I Complacencies of the peignoir, and late Coffee and oranges in a sunny chair, And the green freedom of a cockatoo Upon a rug mingle to dissipate The holy hush of ancient sacrifice. She dreams a little, and she feels the dark Encroachment of that old catastrophe, As a calm darkens among water-lights. The pungent oranges and bright, green wings Seem things in some procession of the dead, Winding across wide water, without sound. The day is like wide water, without sound, Stilled for the passing of her dreaming feet Over the seas, to silent Palestine, Dominion of the blood and sepulchre. II Why should she give her bounty to the dead? What is divinity if it can come Only in silent shadows and in dreams? Shall she not find in comforts of the sun, In pungent fruit and bright, green wings, or else In any balm or beauty of the earth, Things to be cherished like the thought of heaven? Divinity must live within herself: Passions of rain, or moods in falling snow; Grievings in loneliness, or unsubdued Elations when the forest blooms; gusty Emotions on wet roads on autumn nights; All pleasures and all pains, remembering The bough of summer and the winter branch. These are the measures destined for her soul. III Jove in the clouds had his inhuman birth. No mother suckled him, no sweet land gave Large-mannered motions to his mythy mind He moved among us, as a muttering king, Magnificent, would move among his hinds, Until our blood, commingling, virginal, With heaven, brought such requital to desire The very hinds discerned it, in a star. Shall our blood fail? Or shall it come to be The blood of paradise? And shall the earth Seem all of paradise that we shall know? The sky will be much friendlier then than now, A part of labor and a part of pain, And next in glory to enduring love, Not this dividing and indifferent blue. IV She says, "I am content when wakened birds, Before they fly, test the reality Of misty fields, by their sweet questionings; But when the birds are gone, and their warm fields Return no more, where, then, is paradise?" There is not any haunt of prophecy, Nor any old chimera of the grave, Neither the golden underground, nor isle Melodious, where spirits gat them home, Nor visionary south, nor cloudy palm Remote on heaven's hill, that has endured As April's green endures; or will endure Like her remembrance of awakened birds, Or her desire for June and evening, tipped By the consummation of the swallow's wings. V She says, "But in contentment I still feel The need of some imperishable bliss." Death is the mother of beauty; hence from her, Alone, shall come fulfilment to our dreams And our desires. Although she strews the leaves Of sure obliteration on our paths, The path sick sorrow took, the many paths Where triumph rang its brassy phrase, or love Whispered a little out of tenderness, She makes the willow shiver in the sun For maidens who were wont to sit and gaze Upon the grass, relinquished to their feet. She causes boys to pile new plums and pears On disregarded plate. The maidens taste And stray impassioned in the littering leaves. VI Is there no change of death in paradise? Does ripe fruit never fall? Or do the boughs Hang always heavy in that perfect sky, Unchanging, yet so like our perishing earth, With rivers like our own that seek for seas They never find, the same receding shores That never touch with inarticulate pang? Why set the pear upon those river-banks Or spice the shores with odors of the plum? Alas, that they should wear our colors there, The silken weavings of our afternoons, And pick the strings of our insipid lutes! Death is the mother of beauty, mystical, Within whose burning bosom we devise Our earthly mothers waiting, sleeplessly. VII Supple and turbulent, a ring of men Shall chant in orgy on a summer morn Their boisterous devotion to the sun, Not as a god, but as a god might be, Naked among them, like a savage source. Their chant shall be a chant of paradise, Out of their blood, returning to the sky; And in their chant shall enter, voice by voice, The windy lake wherein their lord delights, The trees, like serafin, and echoing hills, That choir among themselves long afterward. They shall know well the heavenly fellowship Of men that perish and of summer morn. And whence they came and whither they shall go The dew upon their feet shall manifest. VIII She hears, upon that water without sound, A voice that cries, "The tomb in Palestine Is not the porch of spirits lingering. It is the grave of Jesus, where he lay." We live in an old chaos of the sun, Or old dependency of day and night, Or island solitude, unsponsored, free, Of that wide water, inescapable. Deer walk upon our mountains, and the quail Whistle about us their spontaneous cries; Sweet berries ripen in the wilderness; And, in the isolation of the sky, At evening, casual flocks of pigeons make Ambiguous undulations as they sink, Downward to darkness, on extended wings.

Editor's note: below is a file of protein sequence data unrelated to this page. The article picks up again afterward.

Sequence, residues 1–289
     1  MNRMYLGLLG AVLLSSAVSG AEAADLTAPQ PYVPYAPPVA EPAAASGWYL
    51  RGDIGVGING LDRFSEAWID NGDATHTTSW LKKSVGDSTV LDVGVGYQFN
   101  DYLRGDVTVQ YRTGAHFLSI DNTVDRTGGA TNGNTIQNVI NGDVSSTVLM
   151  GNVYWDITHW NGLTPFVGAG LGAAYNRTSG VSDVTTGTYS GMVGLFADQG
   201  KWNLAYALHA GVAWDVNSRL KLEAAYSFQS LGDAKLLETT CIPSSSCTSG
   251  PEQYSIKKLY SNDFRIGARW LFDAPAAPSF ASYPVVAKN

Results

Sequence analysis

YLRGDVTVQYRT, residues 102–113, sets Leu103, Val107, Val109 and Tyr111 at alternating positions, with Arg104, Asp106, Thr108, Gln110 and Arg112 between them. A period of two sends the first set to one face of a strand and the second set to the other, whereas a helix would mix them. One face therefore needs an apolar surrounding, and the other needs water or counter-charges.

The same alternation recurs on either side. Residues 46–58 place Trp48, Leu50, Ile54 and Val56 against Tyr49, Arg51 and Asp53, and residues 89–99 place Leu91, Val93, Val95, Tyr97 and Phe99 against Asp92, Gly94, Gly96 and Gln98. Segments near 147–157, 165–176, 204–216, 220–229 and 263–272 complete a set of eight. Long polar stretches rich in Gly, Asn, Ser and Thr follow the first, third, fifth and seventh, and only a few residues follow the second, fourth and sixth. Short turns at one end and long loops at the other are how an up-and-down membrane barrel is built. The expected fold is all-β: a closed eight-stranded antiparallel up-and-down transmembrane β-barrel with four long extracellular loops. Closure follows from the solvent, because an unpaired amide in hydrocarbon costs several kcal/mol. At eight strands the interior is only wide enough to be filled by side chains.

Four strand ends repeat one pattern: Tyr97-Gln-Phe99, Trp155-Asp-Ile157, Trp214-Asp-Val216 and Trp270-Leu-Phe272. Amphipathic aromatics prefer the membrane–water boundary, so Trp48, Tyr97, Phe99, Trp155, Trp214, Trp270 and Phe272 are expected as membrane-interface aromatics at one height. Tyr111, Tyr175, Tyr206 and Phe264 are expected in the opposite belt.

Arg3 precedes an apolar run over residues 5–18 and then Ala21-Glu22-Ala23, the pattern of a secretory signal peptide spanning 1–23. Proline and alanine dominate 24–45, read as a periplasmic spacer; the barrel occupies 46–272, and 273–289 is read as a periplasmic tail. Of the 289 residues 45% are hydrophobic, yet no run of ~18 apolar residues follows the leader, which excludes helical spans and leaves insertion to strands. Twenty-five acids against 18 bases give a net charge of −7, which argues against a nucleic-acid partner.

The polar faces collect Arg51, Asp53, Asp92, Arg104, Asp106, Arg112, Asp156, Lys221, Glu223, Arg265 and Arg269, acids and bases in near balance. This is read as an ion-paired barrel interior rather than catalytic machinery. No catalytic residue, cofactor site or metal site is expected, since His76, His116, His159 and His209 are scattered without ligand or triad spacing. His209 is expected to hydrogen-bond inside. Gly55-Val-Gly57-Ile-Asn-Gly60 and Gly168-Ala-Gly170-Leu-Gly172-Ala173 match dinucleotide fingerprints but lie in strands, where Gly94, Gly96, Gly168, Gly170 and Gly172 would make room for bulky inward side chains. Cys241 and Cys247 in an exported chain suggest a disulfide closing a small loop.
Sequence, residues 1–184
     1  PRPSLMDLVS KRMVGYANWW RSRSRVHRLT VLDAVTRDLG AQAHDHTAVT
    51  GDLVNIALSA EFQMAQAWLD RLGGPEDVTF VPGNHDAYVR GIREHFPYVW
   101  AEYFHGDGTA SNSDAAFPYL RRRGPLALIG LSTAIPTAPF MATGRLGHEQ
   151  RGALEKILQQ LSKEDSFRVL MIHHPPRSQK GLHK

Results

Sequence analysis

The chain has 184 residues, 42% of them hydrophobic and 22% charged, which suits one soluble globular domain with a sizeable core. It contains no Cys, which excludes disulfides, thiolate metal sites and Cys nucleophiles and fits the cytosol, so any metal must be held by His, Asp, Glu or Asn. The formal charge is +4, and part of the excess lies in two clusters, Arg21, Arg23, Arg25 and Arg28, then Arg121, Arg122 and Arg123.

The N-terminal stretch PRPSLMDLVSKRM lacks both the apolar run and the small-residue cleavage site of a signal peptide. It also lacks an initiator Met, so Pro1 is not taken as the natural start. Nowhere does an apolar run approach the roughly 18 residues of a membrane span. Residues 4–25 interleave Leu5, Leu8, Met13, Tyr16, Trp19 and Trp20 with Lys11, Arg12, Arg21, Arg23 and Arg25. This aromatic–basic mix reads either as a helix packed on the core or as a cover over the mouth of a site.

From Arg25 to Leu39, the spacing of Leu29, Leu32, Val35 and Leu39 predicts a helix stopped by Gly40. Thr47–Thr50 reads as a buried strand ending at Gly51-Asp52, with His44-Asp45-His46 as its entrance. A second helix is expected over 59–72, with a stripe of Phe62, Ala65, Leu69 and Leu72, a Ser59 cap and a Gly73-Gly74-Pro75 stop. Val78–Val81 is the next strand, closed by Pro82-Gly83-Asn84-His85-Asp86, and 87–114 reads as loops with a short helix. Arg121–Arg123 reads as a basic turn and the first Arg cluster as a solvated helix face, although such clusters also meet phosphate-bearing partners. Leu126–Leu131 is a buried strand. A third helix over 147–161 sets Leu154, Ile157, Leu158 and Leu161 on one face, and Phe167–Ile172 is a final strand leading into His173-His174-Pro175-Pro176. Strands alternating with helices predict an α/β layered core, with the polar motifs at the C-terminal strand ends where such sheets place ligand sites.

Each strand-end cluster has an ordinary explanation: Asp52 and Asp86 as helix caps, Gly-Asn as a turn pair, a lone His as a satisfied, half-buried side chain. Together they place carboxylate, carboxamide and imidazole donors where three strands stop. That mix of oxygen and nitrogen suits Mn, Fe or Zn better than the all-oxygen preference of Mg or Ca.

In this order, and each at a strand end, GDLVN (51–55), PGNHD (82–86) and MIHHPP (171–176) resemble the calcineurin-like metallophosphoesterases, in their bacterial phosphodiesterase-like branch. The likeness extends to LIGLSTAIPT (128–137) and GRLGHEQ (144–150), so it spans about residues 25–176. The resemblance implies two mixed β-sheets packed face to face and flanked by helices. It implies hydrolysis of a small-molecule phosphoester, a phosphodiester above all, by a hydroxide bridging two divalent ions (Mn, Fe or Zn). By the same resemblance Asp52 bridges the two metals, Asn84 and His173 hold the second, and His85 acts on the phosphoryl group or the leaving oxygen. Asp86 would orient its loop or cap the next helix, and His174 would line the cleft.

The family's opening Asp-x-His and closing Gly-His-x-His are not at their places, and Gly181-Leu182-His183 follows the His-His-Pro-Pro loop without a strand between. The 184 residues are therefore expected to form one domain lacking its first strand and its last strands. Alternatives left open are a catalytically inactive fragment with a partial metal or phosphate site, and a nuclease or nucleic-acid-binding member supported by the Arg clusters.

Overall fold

From Harmonium (Knopf, 1923). This poem is in the public domain.